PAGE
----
Creatures and Dreamscapes: Surrealist Leonora Carrington

Katherine20th Century Art, Artist Spotlight, Contemporary / Modern ArtLeave a Comment

Artist Leonora Carrington

There were some who wanted Leonora Carrington to be a muse. Her adventurous spirit and distinct appearance attracted important friends in the art community, but she was not intimidated by any of them. Painter Joan Miró once handed her some money and requested that she fetch him cigarettes. Carrington handed it back and told him to buy his own. She would not be content with simply being a muse.

"Eluhim" in the Tate Modern Collection

“Eluhim” in the Tate Modern Collection

Leonora Carrington was a Surrealist writer, sculptor, and painter whose works were richly saturated in mythology, alchemy, and the occult. Animals were a major element in her works. Humans become animals and animals bend and transform into magical beings. Puns and word play are sometimes found in the titles of her pieces. As a girl, she was fascinated with the fantastic. Her Irish nanny regaled her with tales of Gaelic heroes and fairy tale creatures.

Born in 1917 to a British industrialist and an Irish mother, her family had hoped that she would be a debutante and not an artist. However, her rich imagination inspired her to go her own way. School proved to be unsatisfying – she was expelled several times.

In 1937, Carrington met Max Ernst, who she considered her greatest teacher of Surrealism.

The Surrealist movement sought to explore the subconscious mind through poetry and art.  Tradition breaking Dadaists, Karl Marx, and Freud’s dream symbolism all served as initial inspiration. The movement began in the late 1910s. Poets began to practice automatic writing as a way to free themselves from restraints. Artists did not adopt the ideals of Surrealism until later. Many felt that visual mediums had little room for the kind of spontaneity that writing allowed. The first of these Surrealist artists such as Joan Miró and Man Ray, all found ways to translate the automaticism of Surrealism in their own works. This created the distinct style that we recognize today.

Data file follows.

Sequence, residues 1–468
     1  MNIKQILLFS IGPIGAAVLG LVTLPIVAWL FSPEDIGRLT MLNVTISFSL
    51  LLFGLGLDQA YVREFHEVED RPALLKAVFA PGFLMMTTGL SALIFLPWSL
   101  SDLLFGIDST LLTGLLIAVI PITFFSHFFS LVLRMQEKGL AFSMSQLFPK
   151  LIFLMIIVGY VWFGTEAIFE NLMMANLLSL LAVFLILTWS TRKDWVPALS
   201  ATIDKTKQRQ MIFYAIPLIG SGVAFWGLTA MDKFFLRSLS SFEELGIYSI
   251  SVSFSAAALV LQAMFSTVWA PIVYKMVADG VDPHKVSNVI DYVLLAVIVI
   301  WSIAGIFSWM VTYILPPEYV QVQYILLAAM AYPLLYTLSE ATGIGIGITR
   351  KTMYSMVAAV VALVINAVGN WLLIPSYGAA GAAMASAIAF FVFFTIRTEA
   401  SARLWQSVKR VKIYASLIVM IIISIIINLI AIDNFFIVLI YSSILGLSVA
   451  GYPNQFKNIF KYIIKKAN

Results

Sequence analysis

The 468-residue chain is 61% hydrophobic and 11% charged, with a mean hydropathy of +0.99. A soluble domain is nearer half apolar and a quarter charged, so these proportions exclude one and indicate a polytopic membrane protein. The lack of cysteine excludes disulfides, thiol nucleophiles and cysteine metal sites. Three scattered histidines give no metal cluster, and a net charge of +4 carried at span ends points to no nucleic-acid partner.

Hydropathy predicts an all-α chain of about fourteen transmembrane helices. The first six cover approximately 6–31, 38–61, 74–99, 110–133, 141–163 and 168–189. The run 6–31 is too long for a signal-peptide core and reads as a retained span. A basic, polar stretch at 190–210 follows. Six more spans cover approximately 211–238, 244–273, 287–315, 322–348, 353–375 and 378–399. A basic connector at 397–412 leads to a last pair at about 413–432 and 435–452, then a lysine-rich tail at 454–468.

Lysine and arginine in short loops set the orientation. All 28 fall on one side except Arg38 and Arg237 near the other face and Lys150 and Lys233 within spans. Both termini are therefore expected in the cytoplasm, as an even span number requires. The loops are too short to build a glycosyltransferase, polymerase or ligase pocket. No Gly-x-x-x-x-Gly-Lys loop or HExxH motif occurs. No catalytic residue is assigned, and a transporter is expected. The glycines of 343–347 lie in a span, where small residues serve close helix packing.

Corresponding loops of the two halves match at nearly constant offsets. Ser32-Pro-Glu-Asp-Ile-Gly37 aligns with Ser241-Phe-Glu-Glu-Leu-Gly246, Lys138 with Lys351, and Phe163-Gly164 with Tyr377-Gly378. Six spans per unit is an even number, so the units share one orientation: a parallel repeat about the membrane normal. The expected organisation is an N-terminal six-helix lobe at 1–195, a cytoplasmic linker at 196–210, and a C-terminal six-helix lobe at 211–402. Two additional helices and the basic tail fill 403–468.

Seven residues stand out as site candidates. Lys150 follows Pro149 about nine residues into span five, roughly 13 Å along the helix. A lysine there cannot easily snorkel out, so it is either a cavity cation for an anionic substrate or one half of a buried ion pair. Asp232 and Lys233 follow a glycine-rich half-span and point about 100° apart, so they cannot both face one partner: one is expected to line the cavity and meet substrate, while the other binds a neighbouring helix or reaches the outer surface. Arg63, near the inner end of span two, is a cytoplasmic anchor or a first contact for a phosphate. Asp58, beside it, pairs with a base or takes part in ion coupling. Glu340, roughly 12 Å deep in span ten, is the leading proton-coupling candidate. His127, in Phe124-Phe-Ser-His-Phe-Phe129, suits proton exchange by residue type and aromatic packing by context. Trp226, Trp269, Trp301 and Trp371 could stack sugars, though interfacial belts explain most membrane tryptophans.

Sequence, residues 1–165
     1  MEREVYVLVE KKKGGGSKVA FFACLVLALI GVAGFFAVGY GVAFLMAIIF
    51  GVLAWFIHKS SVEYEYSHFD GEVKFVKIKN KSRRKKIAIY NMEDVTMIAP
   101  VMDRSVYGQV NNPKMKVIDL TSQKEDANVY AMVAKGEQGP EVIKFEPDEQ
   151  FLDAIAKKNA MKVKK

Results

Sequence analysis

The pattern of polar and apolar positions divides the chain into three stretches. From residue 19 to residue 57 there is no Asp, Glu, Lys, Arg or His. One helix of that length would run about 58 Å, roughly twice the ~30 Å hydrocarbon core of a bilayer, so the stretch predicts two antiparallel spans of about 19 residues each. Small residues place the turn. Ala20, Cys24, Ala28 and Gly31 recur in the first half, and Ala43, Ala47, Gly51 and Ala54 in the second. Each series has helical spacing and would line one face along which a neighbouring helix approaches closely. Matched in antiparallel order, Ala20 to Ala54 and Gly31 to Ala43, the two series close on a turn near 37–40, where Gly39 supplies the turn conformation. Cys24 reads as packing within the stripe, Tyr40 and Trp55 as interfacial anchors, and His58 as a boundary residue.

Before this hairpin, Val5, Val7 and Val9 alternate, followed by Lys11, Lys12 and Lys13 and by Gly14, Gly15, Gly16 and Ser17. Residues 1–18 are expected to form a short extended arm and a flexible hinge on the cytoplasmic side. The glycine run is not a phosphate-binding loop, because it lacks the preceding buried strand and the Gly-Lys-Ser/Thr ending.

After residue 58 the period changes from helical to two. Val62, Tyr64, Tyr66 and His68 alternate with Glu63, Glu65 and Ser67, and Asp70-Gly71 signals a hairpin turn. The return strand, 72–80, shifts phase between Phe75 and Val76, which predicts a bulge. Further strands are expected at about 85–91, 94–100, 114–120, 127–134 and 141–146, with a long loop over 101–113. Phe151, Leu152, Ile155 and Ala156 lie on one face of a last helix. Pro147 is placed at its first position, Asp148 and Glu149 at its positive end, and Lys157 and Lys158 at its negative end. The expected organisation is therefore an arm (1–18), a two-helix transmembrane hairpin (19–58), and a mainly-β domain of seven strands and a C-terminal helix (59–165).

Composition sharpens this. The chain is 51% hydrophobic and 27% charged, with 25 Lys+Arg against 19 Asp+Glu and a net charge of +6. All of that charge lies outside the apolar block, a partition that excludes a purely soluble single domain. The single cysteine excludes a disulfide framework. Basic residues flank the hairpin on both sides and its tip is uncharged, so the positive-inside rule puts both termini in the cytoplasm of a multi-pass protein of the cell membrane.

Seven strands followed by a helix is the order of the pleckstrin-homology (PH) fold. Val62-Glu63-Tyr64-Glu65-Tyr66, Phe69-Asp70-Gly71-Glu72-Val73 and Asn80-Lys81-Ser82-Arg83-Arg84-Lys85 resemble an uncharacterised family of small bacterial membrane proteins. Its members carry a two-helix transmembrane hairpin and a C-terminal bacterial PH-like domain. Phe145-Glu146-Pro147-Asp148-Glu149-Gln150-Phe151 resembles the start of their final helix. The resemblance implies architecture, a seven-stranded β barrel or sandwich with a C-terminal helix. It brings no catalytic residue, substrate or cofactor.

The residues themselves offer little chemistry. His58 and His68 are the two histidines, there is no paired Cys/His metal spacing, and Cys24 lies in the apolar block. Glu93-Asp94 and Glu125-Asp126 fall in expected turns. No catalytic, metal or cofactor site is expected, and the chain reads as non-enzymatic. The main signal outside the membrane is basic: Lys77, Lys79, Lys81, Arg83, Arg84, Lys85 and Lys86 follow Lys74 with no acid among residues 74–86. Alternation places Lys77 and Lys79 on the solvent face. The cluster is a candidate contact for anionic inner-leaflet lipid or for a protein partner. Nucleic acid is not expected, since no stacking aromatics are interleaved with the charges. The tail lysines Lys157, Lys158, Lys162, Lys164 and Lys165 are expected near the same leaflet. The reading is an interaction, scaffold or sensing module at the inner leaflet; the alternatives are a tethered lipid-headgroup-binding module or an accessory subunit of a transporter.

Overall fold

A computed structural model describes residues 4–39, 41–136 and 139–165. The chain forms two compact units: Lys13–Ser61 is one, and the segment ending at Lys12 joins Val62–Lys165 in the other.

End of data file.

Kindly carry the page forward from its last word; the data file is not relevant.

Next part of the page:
Despite the lack of respect held for women Surrealists, Ernst encouraged Carrington’s work and introduced her to fellow artists such as Picasso and Dali. Ernst quickly left his wife for Carrington and the two lived together for some time.

World War II scattered the Surrealists. Ernst was imprisoned in an internment camp and Carrington escaped to Spain, where she suffered from a break down and was admitted into a mental institution. She found passage out of Europe by briefly wedding Mexican writer, Renato Leduc.

She found her home in Mexico. Once dubbed as “surrealist country,” Leonora Carrington met other like-minded artists and was absorbed in Mexico’s rich culture and love for colorful and at times macabre masks and costumes. She became a Mexican citizen and lived in Mexico City for the rest of her life. Some of her sculptures, such as How Doth the Little Crocodile, are on public display in several parts of Mexico City.  

Leonora Carrington blended multiple influences into her captivating dreamscapes and inventive creatures. Intriguing and thoughtful, her works still fascinate. She passed away in 2011, the last living connection to the original Surrealists.

 

Kenny Ackerman is an Art Dealer in New York, specializing in Fine Art Paintings from 19th-21st century Europe and America. To buy or sell original paintings by artists we represent, contact Ackerman’s Fine Art here.

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